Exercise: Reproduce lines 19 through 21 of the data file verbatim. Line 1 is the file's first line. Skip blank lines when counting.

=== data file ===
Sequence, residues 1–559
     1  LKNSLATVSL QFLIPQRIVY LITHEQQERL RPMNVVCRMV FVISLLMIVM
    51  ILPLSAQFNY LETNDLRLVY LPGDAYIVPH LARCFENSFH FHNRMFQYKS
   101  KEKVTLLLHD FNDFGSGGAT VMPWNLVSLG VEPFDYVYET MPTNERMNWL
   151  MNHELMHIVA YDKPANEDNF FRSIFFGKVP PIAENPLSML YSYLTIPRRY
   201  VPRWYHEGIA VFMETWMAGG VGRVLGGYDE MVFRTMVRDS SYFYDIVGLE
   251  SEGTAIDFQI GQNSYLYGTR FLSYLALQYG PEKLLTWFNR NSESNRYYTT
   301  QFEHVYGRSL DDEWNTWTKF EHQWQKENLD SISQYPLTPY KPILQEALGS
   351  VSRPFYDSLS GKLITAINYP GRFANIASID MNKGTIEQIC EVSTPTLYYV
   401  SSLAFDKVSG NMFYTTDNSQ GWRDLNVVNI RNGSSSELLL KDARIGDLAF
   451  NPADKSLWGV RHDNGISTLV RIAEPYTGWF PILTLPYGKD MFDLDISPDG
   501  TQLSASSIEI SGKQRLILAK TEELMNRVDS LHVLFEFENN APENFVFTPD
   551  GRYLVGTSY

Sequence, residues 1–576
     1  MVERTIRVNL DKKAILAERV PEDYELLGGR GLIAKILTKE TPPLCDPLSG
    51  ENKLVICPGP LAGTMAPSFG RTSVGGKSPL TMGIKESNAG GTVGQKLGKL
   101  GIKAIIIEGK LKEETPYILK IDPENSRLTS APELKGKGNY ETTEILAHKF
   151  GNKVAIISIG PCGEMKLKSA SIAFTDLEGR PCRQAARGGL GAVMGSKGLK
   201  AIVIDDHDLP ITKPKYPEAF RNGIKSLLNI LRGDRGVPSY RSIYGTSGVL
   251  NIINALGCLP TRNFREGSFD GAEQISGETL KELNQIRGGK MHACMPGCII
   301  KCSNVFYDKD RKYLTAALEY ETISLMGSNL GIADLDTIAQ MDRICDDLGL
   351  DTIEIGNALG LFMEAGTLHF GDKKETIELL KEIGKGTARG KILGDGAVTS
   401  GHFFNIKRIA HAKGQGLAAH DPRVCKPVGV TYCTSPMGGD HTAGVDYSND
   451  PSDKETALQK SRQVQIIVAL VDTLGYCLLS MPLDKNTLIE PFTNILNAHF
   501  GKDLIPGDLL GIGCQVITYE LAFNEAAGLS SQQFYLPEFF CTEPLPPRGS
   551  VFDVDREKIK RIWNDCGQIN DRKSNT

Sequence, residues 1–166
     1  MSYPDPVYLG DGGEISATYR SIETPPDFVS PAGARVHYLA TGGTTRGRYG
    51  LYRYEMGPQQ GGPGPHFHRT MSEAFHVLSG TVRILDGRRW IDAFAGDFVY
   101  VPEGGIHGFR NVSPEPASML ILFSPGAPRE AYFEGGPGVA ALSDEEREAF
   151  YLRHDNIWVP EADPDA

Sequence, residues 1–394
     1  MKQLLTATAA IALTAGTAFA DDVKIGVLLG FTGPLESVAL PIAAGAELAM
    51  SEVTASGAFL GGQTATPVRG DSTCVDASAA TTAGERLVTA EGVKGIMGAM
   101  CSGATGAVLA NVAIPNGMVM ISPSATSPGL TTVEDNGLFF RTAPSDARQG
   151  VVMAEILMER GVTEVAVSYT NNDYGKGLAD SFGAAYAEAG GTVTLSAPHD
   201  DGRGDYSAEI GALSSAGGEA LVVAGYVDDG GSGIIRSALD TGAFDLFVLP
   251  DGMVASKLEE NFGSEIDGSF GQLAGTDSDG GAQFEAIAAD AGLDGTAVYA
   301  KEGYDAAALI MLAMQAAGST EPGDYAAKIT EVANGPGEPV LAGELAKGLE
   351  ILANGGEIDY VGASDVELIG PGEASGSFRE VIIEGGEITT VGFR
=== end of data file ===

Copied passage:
   201  AIVIDDHDLP ITKPKYPEAF RNGIKSLLNI LRGDRGVPSY RSIYGTSGVL
   251  NIINALGCLP TRNFREGSFD GAEQISGETL KELNQIRGGK MHACMPGCII
   301  KCSNVFYDKD RKYLTAALEY ETISLMGSNL GIADLDTIAQ MDRICDDLGL